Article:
News

We extend a warm welcome to Laurie Littlepage, the newest member of our faculty who joined us this summer.  As an assistant professor, Laurie will be directing research in the Mike and Josie Harper Cancer Research Institute. Prior to joining us, Laurie was a postdoctoral fellow at UCSF. She obtained her doctorate in Cell & Developmental Biology from Harvard and holds a bachelor of science degree in Biochemistry & Molecular Biology from the University of Texas.

            On the other side of the coin, in November of last year the department hosted a mini-symposium to celebrate the professional career of Tom Nowak, who has entered into the distinguished ranks of our emeriti. Among the speakers were Tom’s former graduate students Todd Holyoak of the University of Waterloo, Andy Mesecar of Purdue University, and Pat Loria of Yale University.  It was a wonderful event and a fitting tribute to Tom’s great scholarship and service.       

            We were greatly saddened when Rev. Joseph Walter, C.S.C. and Professor Emeritus of Chemistry passed away on April 18 at the age of 82.  Fr. Walter had a long and distinguished career at Notre Dame characterized by a vigorous research program in inorganic coordination chemistry and superb teaching.  In 1971, Fr. Walter was appointed Chair of the Department of Preprofessional Studies, and in his long tenure at its helm, advised upwards of 5,000 preprofessional students.  He will be greatly missed

Astrophysics graduate students witness first-ever detected neutron star collision

Author: Deanna Csomo McCool

Whitten And Rasmussen 250

Third-year physics graduate students Kaitlin Rasmussen and Devin Whitten were settling into their observation work in August on the 2.5-meter Irénée du Pont Telescope atop a rocky mountain in Las Campanas, Chile, scouring for a type of star enhanced by a set of reactions called the rapid-neutron capture process, or r-process. What they witnessed instead is being described as one of the most significant discoveries in astrophysics.

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Physics professor elected into Academy of Europe

Author: Deanna Csomo McCool

Michael Wiescher, the Freimann Professor of Nuclear Physics and the director of the Nuclear Science Laboratory, has been elected into the Academia Europaea, the Academy of Europe, for a lifetime of outstanding achievements.

Michael Wiescher

 

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What’s inside the gold that adorns the Golden Dome?

Author: Tammi Freehling

Dvt Studentsonly

During their summer break in 2017, three rising high school seniors prepared to take audiences on a physics journey inside the Golden Dome—modelling what you would see if you could actually view the subatomic particles that comprise a gold molecule. The students—Julianna Meyer of Marian High School in Mishawaka, Ind.; Fiona Hughes of John Adams High School in South Bend, Ind.; and Rose Kelly of St. Joseph High School in South Bend, Ind.—earned a spot presenting to the Live Interactive Planetarium Symposium on July 18, 2017, at Ball State in Muncie, Ind.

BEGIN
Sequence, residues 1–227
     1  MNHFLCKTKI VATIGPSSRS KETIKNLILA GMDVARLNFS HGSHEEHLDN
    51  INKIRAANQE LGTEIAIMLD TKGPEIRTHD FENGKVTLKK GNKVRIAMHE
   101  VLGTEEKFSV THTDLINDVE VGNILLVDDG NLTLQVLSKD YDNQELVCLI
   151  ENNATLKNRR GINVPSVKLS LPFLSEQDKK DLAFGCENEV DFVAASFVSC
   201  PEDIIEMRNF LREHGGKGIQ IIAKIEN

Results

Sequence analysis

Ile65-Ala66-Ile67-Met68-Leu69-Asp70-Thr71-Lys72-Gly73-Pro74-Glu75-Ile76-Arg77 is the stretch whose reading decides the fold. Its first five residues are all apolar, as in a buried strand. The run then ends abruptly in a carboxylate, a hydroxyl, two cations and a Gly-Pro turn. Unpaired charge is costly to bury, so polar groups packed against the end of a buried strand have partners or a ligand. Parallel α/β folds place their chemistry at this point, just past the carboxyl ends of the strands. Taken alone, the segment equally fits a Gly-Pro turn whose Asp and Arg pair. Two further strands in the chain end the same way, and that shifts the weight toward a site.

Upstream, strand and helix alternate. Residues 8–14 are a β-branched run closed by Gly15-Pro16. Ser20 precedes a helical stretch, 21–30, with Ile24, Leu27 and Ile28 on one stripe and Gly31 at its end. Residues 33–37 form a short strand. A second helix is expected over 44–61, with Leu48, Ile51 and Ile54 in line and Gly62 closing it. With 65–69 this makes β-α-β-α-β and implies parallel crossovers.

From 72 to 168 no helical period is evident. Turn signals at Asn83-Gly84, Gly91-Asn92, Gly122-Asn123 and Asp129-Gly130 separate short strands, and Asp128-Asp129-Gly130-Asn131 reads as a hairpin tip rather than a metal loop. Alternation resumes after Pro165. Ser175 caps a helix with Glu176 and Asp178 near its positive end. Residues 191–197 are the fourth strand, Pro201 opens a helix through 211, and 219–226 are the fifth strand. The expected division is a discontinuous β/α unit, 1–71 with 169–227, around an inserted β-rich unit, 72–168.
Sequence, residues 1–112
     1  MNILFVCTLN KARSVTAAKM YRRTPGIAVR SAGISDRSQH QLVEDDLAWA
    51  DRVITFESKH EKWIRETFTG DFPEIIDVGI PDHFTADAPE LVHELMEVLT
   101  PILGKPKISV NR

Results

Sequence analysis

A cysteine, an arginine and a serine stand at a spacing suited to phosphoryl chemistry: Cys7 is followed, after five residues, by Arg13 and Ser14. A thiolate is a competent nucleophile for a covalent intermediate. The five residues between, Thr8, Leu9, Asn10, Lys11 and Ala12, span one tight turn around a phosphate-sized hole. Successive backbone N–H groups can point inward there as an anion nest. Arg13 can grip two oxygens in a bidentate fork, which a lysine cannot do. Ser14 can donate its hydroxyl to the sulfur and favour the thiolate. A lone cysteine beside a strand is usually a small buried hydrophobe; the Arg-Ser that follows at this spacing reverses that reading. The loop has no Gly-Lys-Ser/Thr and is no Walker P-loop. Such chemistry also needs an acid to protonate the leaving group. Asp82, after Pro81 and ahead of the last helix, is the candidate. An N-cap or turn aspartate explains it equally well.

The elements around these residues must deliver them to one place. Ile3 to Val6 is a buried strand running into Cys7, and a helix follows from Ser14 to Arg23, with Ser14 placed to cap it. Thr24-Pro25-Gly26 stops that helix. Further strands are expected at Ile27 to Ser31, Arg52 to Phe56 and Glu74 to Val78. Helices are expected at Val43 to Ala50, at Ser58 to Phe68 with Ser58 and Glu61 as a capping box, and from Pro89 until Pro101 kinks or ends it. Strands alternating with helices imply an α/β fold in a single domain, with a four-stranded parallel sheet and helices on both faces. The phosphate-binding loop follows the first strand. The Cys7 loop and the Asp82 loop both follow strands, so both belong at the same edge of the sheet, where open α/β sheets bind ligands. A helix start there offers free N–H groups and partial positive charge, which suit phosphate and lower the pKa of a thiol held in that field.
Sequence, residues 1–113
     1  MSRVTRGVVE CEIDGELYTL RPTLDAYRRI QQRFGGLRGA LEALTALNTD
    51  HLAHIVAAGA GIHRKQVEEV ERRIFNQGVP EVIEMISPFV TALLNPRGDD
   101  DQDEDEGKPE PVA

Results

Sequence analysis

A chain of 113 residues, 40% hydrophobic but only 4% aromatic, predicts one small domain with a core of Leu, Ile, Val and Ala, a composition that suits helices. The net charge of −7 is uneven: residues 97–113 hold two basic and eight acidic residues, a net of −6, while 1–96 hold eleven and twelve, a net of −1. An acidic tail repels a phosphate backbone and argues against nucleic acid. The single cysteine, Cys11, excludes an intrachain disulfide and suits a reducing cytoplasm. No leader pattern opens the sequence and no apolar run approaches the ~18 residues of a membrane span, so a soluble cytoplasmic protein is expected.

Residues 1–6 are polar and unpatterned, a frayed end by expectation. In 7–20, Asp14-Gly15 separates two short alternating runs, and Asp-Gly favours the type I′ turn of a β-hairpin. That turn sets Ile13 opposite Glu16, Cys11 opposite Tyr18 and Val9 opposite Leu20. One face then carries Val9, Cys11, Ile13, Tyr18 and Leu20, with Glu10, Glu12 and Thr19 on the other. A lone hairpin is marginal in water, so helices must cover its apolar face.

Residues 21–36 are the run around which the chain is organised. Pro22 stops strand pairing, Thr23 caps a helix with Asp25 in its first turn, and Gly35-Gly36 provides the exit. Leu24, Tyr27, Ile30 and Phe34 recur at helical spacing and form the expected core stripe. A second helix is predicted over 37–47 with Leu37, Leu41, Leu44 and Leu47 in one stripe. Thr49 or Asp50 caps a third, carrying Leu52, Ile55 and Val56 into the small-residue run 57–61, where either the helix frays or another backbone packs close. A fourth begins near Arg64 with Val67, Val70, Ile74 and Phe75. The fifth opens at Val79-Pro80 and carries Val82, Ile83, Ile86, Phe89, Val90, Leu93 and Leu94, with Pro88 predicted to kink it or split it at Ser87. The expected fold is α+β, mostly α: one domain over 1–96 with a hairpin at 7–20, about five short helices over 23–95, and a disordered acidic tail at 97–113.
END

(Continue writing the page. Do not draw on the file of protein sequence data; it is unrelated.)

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New protein study broadens knowledge of molecular basis for disease

Author: Deanna Csomo McCool

Patricia Clark 250

Determining how proteins function on a molecular level is crucial to understanding the underlying basis for disease. Now scientists at the University of Notre Dame are one step closer to unraveling the mystery of how intrinsically disordered proteins work, according to new research published in Science.

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Associate dean receives Distinguished Achievement Award from South Bend Alumni Association

Author: Cliff Djajapranata

Margaret 250

Margaret Dobrowolska-Furdyna, the associate dean for undergraduate studies in the College of Science, has won the Distinguished Achievement Award from the South Bend Alumni Association for her role in organizing the Ace for Science tennis tournament. From 2014 through 2016, Dobrowolska-Furdyna organized an annual tennis tournament for charity to raise funds for science programs in local South Bend schools.

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High-Energy Physics Group awarded $1.2 million from DOE

Author: Deanna Csomo McCool

Mitch Wayne 250

University of Notre Dame physicists and their colleagues have been awarded $1.2 million over four years from the United States Department of Energy to develop radiation-resistant optical devices that can be used in a wide variety of scientific and technical applications, including experiments at the world’s largest particle accelerator, located in Geneva, Switzerland.

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Not the only one: Former family medicine resident discovers ND kinship

Author: Patricia Martin ’09

Main Building

I remember watching an episode of Scrubs one time where the young doctors were racing against the clock on a Friday afternoon to find answers for a patient before the inevitable slowdown of the weekend struck. Before I worked in a hospital, I assumed this was an exaggeration. When I graduated from residency this past summer, though, I could attest: It’s definitely not an exaggeration. You should do your very best to have medical emergencies on Monday mornings, whenever possible.

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